The result at Eden Park was perfect for the Crusaders who have the conference exactly where they want it as the Super Rugby season takes an untimely international break.

Strange business this Super Rugby competition. It takes a three-week break now and yet it's in the hiatus where it has previously been won and lost.

Chances are high it will be the same deal in 2014. The team that copes best with the whole not-playing business will be the team that tops the New Zealand conference.

And right now, who would bet against the Crusaders? The conference pretty much fell into their lap over the weekend.

The Chiefs imploded for the second week running, the Highlanders pulled off one of the great comebacks only to spoil it all with one maddeningly stupid decision to kick the ball away in the last minute and the Blues popped into the phone box, slipped their undies on outside their shorts and played heroically well to beat the Hurricanes.


The result at Eden Park was perfect for the Crusaders who have the conference exactly where they want it. Two of their remaining three games are at home but, perhaps more importantly, they have the advantage of a game against England during the break.

It's the perfect scenario. There's time for them to have a rest, prepare and then enjoy a big occasion and then time to recover. Most of their first-choice pack will be well occupied in June playing for the All Blacks and Richie McCaw and Kieran Read, who due to injury have had light workloads to date, should ensure the Crusaders go up a gear at exactly the right time.

It can't be said with any conviction that the Chiefs shouldn't be written off. The defending champions don't appear easily fixable. It's not like a bit of glue, a few new spare parts and a lick of paint will have them back in shape.

Nope, their issues run much deeper and even supposing Aaron Cruden regains his best form and avoids having bits of him broken off by the English, and even supposing Liam Messam comes out of that same series in top shape and Brodie Retallick maintains his excellent standards and Sam Cane starts delivering to his potential, there is still little prospect of the Chiefs igniting.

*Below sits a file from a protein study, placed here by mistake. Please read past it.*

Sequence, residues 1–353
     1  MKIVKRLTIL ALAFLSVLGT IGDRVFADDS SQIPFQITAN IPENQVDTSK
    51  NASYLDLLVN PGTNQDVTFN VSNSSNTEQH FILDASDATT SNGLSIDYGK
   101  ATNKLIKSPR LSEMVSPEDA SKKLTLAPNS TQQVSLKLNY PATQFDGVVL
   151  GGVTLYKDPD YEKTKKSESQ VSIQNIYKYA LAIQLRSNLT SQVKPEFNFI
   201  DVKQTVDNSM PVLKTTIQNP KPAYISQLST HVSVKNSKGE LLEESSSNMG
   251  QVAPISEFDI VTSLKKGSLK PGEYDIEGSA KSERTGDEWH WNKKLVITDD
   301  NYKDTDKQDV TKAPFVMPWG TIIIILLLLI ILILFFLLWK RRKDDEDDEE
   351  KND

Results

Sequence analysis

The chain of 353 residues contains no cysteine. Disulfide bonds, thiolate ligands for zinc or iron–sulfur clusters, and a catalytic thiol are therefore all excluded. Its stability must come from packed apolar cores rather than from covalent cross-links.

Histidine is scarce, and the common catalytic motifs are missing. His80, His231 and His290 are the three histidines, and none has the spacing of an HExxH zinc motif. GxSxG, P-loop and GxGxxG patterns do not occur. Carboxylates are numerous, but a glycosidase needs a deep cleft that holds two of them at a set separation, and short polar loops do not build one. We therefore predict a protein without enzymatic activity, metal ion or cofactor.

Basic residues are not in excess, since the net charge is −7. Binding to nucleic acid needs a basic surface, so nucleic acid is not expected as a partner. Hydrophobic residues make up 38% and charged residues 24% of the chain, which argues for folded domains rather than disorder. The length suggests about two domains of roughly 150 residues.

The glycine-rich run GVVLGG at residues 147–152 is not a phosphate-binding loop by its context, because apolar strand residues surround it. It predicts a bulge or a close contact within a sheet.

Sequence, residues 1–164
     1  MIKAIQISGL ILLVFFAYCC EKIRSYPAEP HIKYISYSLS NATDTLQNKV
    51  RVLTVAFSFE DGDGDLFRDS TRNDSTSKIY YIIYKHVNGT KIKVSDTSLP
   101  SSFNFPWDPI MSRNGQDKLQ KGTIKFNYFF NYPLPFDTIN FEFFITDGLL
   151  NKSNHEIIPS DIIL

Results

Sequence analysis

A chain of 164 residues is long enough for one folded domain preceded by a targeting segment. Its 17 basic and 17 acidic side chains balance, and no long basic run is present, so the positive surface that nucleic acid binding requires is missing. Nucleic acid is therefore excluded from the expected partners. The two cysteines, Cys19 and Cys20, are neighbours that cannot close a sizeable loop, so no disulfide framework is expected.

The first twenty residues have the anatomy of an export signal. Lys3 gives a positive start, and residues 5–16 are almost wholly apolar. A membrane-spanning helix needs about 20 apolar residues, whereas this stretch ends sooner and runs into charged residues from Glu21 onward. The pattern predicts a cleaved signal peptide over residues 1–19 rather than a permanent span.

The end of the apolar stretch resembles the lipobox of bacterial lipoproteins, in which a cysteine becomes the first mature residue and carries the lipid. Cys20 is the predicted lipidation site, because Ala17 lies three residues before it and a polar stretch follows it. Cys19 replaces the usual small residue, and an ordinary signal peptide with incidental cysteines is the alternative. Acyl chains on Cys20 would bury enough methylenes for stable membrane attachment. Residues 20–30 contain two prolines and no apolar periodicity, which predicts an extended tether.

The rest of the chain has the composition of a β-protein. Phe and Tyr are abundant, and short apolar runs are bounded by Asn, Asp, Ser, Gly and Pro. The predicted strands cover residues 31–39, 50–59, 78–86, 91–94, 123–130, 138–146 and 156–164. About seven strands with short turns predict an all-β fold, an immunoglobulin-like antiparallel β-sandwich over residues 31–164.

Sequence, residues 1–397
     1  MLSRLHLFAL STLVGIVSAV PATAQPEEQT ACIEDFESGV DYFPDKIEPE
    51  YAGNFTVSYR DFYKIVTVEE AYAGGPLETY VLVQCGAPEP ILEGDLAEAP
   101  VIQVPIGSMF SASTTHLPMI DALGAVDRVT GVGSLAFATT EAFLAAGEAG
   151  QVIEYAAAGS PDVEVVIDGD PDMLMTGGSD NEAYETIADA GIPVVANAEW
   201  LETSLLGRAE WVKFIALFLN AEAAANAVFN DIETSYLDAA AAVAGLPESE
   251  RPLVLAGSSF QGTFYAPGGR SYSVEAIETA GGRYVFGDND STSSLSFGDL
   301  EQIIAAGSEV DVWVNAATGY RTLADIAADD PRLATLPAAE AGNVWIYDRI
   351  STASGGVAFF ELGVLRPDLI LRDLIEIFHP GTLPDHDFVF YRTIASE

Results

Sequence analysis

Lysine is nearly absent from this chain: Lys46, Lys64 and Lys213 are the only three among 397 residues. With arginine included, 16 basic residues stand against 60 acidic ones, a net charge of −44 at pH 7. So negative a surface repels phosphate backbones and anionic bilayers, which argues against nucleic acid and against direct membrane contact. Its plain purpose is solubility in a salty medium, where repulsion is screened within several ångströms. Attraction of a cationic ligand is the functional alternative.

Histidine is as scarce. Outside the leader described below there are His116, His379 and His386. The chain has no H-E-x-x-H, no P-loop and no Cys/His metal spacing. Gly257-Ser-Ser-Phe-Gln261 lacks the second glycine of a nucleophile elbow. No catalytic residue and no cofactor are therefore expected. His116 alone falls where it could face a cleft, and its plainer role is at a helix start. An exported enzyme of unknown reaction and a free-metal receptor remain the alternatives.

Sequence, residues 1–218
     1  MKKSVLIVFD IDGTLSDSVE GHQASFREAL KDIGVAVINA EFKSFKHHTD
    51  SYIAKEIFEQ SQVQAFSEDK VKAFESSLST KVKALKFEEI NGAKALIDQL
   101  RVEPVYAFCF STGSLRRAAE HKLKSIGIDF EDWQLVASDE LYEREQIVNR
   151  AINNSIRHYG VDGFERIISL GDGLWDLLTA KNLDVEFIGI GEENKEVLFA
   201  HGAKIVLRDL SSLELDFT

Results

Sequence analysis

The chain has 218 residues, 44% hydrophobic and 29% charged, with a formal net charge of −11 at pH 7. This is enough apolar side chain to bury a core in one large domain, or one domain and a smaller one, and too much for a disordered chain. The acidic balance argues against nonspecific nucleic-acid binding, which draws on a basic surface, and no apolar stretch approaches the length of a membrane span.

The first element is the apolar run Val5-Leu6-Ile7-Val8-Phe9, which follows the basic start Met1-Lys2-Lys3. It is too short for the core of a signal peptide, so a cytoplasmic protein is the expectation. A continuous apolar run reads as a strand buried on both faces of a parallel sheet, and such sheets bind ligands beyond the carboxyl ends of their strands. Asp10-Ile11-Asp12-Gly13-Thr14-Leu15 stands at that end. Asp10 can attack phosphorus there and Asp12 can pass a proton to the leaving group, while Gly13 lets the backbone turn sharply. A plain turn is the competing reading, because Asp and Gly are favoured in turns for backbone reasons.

Their defence has become a massive problem - the key strength in their last two campaigns. It has all-but given up the ghost in 2014. The Chiefs have conceded an average of more than 24 points a game - that's only marginally less than the Rebels and Lions and not compatible with their ambition.

Their lineout is a rabble but, really, the soft underbelly of their team is the midfield where they haven't got the right mix or results.

They are desperately missing Sonny Bill Williams. They are desperately missing Robbie Fruean and without that punch, that ability to damage teams with explosive power in the middle of the park, the Chiefs know their only route to glory lies in the trickier traverse of coming in through away games in the knock-out rounds.

That route is probably the only one open to the other three franchises as well. It's massively reassuring on one level that the Hurricanes have reverted to being the Hurricanes - capable of being brilliant and awful at short notice - but it also means they can't really be seen as a serious contender.

If fate had been less cruel, the Highlanders would have picked up 10 points in the last two weeks instead of four and they would be running in on the shoulder of the Crusaders.

Fate was cruel, though, and with the Waratahs and Crusaders away on their play-list, the Highlanders have the dreaded look of seventh about them.

As for the Blues ... if they had three home games left, then maybe. More likely, however, they will end up at least one win short.